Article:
Anthony Bourdain in “Roadrunner: A Film About Anthony Bourdain.” Focus Features

Bad boy chef-turned-raconteur Anthony Bourdain sits at a two-top with one of his heroes, Iggy Pop, the proto-punk rocker who once overdosed onstage in Los Angeles and rolled in broken glass until his face bled during a New York show. Pop’s message all those years ago was not lost on a young Bourdain: Life is tedious and often painful, and you have to do whatever you can to escape it. Drugs. Violence. Self-destruction.

But as the two sit across from each other at a window table in the documentary, “Roadrunner: A Film About Anthony Bourdain,” they’re old men, the years easily traced in the lines on their faces. Bourdain asks Pop a simple question: What thrills you now? Implicit in the question is Bourdain’s assumption that the thrill is indeed gone, along with their youth, vigor and ability to outrage. Pop, his face leathery, his eyes so clear and blue, has a surprising answer for his friend.

“Being loved,” he says, “and actually appreciating the people that are giving that to me.”

Bourdain nods, almost robotically, as if he knows he needs to acknowledge the legend’s words. But his face – his mouth tight, his eyes flat – shows no sign of recognition. Nothing. It’s as if Pop has uttered something in a dialect Bourdain doesn’t understand, which, in a way, he did.

The scene is one among many revealing moments embedded in director Morgan Neville’s nervy, impressionistic film, which over the course of two hours quietly peels back the layers of an onion that sweetened almost everything it touched and left many of us with tears in our eyes. Bourdain, who died by suicide in 2018, occasionally serves as narrator of his own posthumous documentary. As he explains at the start of the film, with a previously recorded passage that lands much differently following his death: “You’re probably going to find out about it anyway, so here’s a little preemptive truth-telling. There’s no happy ending.”

Three years after Bourdain’s premature departure from our world, we’re left with the unenviable task of trying to make sense of it all. We’ve had to come to grips with at least one truth that wasn’t obvious when Bourdain was still alive: He may have been a brilliant tour guide to the world, but he wasn’t a reliable narrator about his own life. To peer into this under-examined life, Neville (an Oscar winner for his magnificent tribute to background singers, “20 Feet from Stardom”) pulls together those who knew Bourdain best, a motley collection of family members, artists, writers, musicians, chefs and filmmakers, many of them people attuned to the cycle of creation and decay.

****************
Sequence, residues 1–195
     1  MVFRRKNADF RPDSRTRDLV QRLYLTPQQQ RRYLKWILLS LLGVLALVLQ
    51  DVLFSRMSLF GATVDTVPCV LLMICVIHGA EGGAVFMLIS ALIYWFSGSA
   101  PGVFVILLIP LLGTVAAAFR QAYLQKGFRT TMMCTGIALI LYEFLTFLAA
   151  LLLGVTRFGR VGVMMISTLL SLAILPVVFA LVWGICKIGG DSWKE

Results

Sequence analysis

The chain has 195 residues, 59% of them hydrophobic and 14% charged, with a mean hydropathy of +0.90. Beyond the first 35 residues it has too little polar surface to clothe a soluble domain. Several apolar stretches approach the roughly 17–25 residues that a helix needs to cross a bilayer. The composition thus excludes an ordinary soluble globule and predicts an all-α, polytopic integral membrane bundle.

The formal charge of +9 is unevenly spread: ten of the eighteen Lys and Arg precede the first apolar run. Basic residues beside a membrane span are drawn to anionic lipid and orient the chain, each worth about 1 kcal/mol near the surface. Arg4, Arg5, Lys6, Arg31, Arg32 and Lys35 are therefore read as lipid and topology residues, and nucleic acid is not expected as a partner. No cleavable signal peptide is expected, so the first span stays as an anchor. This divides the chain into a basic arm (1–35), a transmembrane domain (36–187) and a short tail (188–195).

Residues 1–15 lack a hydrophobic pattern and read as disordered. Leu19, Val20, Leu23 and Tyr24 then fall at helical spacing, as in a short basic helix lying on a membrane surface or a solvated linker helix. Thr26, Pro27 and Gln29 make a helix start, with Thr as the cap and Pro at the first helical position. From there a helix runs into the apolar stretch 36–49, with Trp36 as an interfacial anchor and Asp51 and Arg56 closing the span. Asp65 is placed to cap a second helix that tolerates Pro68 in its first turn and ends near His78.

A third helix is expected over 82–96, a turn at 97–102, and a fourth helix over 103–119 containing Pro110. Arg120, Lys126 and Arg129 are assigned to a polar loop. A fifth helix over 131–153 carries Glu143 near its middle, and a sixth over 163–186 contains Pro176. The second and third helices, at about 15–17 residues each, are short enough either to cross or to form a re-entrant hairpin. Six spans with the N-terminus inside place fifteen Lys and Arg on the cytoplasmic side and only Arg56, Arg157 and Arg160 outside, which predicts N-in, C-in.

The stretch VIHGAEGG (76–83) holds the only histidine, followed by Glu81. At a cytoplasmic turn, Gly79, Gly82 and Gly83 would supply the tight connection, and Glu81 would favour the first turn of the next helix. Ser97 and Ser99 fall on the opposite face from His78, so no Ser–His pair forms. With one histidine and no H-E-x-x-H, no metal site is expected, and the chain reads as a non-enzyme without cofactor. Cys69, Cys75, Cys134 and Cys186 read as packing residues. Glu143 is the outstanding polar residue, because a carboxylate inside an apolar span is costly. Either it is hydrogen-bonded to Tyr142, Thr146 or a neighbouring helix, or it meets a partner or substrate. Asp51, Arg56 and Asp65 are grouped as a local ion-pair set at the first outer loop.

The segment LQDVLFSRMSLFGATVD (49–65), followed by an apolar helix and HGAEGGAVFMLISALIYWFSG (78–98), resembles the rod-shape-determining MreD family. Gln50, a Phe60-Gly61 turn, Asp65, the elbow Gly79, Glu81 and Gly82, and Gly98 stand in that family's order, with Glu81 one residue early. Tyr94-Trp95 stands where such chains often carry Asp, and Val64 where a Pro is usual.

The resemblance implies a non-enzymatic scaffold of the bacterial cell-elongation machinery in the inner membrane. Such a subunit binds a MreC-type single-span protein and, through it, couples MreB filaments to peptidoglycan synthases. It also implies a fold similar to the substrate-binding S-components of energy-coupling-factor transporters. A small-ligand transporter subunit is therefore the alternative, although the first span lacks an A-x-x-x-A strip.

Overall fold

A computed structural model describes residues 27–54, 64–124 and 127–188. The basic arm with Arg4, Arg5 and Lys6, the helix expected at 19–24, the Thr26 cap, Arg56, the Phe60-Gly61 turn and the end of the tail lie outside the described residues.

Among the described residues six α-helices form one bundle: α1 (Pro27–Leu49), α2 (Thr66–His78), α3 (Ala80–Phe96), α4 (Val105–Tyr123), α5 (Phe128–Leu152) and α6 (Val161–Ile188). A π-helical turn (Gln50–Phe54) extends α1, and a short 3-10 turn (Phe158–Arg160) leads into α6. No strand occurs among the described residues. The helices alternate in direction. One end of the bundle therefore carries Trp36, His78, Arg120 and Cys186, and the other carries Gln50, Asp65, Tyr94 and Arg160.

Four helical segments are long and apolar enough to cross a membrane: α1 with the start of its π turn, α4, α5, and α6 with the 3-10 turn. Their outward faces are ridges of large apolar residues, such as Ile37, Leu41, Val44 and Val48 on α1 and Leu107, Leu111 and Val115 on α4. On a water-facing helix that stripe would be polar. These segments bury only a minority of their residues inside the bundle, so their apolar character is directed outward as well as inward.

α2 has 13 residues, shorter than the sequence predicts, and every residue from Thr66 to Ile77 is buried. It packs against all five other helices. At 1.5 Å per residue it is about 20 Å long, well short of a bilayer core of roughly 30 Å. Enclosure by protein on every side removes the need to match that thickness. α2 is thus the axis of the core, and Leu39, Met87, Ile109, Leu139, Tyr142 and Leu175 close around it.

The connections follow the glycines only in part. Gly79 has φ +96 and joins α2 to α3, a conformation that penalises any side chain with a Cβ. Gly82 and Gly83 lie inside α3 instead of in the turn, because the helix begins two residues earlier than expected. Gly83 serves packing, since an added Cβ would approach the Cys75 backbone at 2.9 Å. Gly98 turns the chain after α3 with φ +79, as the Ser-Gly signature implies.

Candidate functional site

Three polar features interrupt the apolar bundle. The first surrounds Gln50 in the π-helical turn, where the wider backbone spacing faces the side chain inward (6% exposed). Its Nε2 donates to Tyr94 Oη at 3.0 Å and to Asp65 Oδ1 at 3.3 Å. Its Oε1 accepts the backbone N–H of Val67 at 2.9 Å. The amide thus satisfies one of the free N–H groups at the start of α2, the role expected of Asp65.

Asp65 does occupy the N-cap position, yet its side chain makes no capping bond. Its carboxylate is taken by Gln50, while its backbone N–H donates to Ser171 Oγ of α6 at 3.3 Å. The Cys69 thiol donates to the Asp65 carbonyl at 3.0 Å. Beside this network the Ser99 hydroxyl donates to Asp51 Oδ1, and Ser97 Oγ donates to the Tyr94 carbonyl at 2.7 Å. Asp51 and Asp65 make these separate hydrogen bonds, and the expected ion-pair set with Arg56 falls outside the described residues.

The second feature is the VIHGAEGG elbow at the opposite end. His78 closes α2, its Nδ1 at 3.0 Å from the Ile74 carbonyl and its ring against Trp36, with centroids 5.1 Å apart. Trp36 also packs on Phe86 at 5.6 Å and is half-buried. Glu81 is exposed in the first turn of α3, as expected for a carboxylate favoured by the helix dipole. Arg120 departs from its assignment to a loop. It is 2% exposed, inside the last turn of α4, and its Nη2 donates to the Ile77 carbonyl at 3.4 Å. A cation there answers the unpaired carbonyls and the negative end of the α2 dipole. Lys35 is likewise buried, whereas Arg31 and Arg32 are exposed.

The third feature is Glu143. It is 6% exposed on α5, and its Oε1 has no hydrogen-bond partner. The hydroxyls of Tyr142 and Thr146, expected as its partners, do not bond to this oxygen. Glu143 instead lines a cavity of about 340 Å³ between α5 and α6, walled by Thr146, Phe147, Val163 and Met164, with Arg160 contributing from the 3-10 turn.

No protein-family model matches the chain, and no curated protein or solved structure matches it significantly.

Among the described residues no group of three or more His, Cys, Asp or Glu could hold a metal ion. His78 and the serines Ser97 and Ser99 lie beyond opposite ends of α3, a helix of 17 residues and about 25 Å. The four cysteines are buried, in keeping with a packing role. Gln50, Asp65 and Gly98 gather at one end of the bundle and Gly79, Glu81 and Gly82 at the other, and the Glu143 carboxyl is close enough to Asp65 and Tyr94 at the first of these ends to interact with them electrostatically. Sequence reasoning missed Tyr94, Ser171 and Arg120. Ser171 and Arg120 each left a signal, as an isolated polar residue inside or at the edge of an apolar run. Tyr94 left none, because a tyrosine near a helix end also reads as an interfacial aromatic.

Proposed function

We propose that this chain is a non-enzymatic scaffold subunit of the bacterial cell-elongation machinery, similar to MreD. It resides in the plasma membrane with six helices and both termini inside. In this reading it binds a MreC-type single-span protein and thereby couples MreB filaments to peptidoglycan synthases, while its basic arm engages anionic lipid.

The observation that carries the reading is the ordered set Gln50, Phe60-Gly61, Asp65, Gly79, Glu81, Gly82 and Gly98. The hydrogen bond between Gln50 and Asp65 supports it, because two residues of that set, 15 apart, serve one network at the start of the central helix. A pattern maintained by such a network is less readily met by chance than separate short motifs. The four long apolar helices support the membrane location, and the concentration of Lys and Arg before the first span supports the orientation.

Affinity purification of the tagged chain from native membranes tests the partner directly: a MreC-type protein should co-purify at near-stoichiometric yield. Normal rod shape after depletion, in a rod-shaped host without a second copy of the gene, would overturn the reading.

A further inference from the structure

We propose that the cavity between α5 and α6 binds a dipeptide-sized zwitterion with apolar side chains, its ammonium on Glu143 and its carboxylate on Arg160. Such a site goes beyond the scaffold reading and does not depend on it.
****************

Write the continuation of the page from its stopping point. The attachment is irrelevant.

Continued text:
Anthony Bourdain, right, with restaurateur David Chang, in “Roadrunner: A Film About Anthony Bourdain.” Focus Features

Using these voices, along with some choice music (including Brian Jonestown Massacre’s “Anemone,” played on restaurateur and multimedia star David Chang’s phone, a chilling moment) and lots of superb archival footage and outtakes, Neville stitches together the highs and lows of Bourdain’s life, but with the benefit of hindsight and ample soul-searching. Some of the insights feel like truth, such as “Parts Unknown” director Tom Vitale’s comment, delivered in a hesitant and measured tone, as if he were reluctant to shatter an illusion:

“His attention and focus was so strong, but there was always a timeline,” Vitale says of Bourdain. “I don’t think there was anything that would have lasted forever in his world. No person, place, thing, interest.”

The people who populate this doc are not afraid to speak their minds, but don’t mistake that unblinking honesty for journalistic balance. Neville has a point of view, and his chosen cast of characters reflects it: They all loved, or at least respected, Bourdain. Some cry on camera. Others clearly feel as if they didn’t do enough to protect him. The filmmakers also throw under the bus Asia Argento, the activist actor whom Bourdain dated before he died, without offering her perspective on the whole mess. Earlier this year, Neville told Variety that he elected to omit Argento because she says the “same thing in every interview.”

But the excuse rings hollow, as if Neville couldn’t have pushed Argento to go beyond her canned responses. Her absence here smacks of avoidance, which is heavy burden to bear for a film about a man who had trouble confronting his own darkness.

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